You might already notice that I wrote a lot about design patterns and examples of use for them in Unity. I am genuinely interested in writing clean code and designing project architecture. This brings me huge enjoyment and satisfaction, especially when the team is following project guidelines and everything looks so perfect. 😍
Being a programmer means that you need to improve your skills constantly. So today let’s summarize things that I wrote on this blog so far in term of Design Patterns! 🔥
What is Design Pattern?
The first thing that you need to understand is what “design pattern” means. So design pattern stands for a programming concept which solves conceptual problems. It can be related to creating new objects, making the code more independent or modular, or even split your project into different layers of responsibility.
Each design pattern has its pros and cons which a programmer should know and understand. So let’s don’t waste any more time and let’s get to the design patterns that I’ve written about on my blog!
The state machine is one of the most used design patterns in game development. It is useful for a variety of purposes like AI, animations, game controllers, game logic, dialogs, cutscenes and many, many more.
The idea of a state machine is fairly simple. You have a machine that can run different programs – or states in our case. This gives us a lot of flexibility as creating a new state is super easy, and the only thing that you need to worry about is to how to inject or enable newly created state.
To see how you can implement this design pattern you can go to the post How to implement State Machine in Unity. 🔗
Our next contender is even easier to understand and implement. The factory design pattern is related to the creation of new instances or objects from a blueprint. In Unity, we are mostly using prefabs, as they are already set up with all components that we wanted an object to have, but that’s not the only solution here.
So from the code perspective, this design pattern only require to implement GetNewInstance() method from us.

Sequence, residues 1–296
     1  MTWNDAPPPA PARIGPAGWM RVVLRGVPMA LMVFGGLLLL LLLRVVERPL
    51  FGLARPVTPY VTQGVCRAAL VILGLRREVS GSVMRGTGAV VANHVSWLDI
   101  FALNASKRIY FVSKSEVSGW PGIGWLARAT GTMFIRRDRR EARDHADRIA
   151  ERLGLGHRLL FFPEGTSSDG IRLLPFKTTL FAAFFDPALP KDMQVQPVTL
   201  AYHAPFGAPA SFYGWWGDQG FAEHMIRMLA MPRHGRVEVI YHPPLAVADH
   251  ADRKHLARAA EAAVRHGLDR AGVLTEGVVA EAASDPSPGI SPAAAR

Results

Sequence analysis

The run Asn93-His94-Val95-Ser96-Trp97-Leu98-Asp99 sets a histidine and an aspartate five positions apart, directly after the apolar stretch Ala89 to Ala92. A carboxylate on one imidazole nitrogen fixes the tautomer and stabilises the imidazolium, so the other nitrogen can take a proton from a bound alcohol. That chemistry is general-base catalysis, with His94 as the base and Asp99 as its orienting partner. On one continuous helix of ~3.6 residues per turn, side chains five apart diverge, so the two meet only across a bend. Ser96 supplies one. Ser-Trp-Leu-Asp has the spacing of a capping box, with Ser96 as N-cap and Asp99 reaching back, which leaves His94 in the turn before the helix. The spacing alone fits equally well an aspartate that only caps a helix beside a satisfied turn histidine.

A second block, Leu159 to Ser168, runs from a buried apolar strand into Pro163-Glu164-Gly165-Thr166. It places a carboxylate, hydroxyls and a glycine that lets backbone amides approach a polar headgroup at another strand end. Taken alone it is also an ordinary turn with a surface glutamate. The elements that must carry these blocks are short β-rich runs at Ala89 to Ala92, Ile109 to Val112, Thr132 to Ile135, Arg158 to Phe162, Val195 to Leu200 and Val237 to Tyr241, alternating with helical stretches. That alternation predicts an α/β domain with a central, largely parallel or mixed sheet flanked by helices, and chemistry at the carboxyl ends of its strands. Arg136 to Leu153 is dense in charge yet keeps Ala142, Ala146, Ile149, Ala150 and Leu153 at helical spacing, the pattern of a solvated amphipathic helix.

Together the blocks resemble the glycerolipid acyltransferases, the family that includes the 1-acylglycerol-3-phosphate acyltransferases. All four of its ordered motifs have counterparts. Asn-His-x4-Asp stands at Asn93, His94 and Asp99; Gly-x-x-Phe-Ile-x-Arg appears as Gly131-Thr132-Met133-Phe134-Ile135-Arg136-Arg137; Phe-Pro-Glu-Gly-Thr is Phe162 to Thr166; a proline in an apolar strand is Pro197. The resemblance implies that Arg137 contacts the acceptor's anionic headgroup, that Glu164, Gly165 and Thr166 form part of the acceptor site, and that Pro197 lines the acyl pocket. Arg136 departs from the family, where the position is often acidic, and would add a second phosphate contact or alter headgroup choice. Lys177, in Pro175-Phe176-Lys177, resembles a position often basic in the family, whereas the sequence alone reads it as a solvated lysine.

But there are limitations for this pattern. Creating vast quantities of objects that are destroyed continuously can result in an unstable game or even with game crashes due to memory fragmentation. To prevent this from happening you can use an optimization technique called Object Pooling. This is essential when you are creating a game with a lot of bullets, enemies or obstacles.
In case of implementation, you can base your code on factory design pattern and add logic for returning objects to pool. With that, you are reusing existing instances without the need to create too many objects.
Example of that is available on another post, How to implement Object Pooling in Unity. 🔗
The singleton design pattern is often overused and often hurt the project in the long run. I always try to avoid using it entirely or at least minimize the use of it as code starts to couple too much around singletons.
The benefit of using the singleton design pattern is that you can be confident that you have only one instance of a class, which is excellent for systems responsible for localization, file management or networking.
I have multiple versions of the singleton design pattern implemented in post Singleton in Unity – Love or hate? 🔗
Not many people know about Command design pattern. It can be really useful, especially as it isn’t that hard to implement!
The whole idea of this pattern is based on two elements:
Command – which is something like a request. This element store information that will be executed by the command invoker.
Command Invoker – stores all command waiting to be executed at the right time. The Invoker can also process commands right away if we wish so.
Using this design pattern we can easily create Undo and Redo mechanic.
If you want to read more about it and see the implementation, I’m inviting you to read Command Design Pattern post. 🔗
The last one for today will be MVC or Model – View – Controller. This design pattern separates code into three layers as the name suggests.
Let’s start by explaining what each of these layers does!
Model – these are just classes or objects that stores data. It could be an object with just a few variables, or it can represent enormous JSONs. Most importantly they just store data and information.
View – they are responsible for displaying information to the screen. It could be just UI, or they can be objects on the scene. In the end, what matters is that they are just responsible for displaying things that are given to them.
Controller – here you can find the logic of the app or game. They are responsible for handling interactions with the user and moving data around our app.
Of course, I’m trying to simplify it as much as I can, while still having the essence of them.
There is a lot of different implementation of the MVC design pattern available on the web, but many of them require a lot of knowledge about programming and different techniques about how to do things.
That’s why I decided to implement in the most accessible form I could while still maintaining code structure and layers of responsibility. You can find it in
As stated at the beginning, being a programmer is a continuing process of learning new things and gaining experience. That means that you can’t stop pushing your skills into new territories where you can challenge yourself.
To each of the posts attached above, there is a public repository with an example, but you can also find all of them at my bitbucket profile!
I hope you enjoyed it and see you next time!